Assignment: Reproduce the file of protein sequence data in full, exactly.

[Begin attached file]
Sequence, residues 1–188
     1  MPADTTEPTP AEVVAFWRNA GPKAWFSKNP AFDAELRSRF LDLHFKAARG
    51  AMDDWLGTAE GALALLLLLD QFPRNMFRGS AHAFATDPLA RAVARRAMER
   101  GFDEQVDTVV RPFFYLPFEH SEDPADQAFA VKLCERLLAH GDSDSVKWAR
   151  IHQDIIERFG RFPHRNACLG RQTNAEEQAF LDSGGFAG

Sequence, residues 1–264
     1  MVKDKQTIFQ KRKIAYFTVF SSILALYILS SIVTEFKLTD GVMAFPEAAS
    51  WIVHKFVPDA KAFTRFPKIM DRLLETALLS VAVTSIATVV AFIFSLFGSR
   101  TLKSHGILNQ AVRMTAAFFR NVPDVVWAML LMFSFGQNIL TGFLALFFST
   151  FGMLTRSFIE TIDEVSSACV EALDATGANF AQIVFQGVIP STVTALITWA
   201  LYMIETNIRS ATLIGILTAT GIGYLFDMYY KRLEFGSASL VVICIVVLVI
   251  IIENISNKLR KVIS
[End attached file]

Sequence, residues 1–188
     1  MPADTTEPTP AEVVAFWRNA GPKAWFSKNP AFDAELRSRF LDLHFKAARG
    51  AMDDWLGTAE GALALLLLLD QFPRNMFRGS AHAFATDPLA RAVARRAMER
   101  GFDEQVDTVV RPFFYLPFEH SEDPADQAFA VKLCERLLAH GDSDSVKWAR
   151  IHQDIIERFG RFPHRNACLG RQTNAEEQAF LDSGGFAG

Sequence, residues 1–264
     1  MVKDKQTIFQ KRKIAYFTVF SSILALYILS SIVTEFKLTD GVMAFPEAAS
    51  WIVHKFVPDA KAFTRFPKIM DRLLETALLS VAVTSIATVV AFIFSLFGSR
   101  TLKSHGILNQ AVRMTAAFFR NVPDVVWAML LMFSFGQNIL TGFLALFFST
   151  FGMLTRSFIE TIDEVSSACV EALDATGANF AQIVFQGVIP STVTALITWA
   201  LYMIETNIRS ATLIGILTAT GIGYLFDMYY KRLEFGSASL VVICIVVLVI
   251  IIENISNKLR KVIS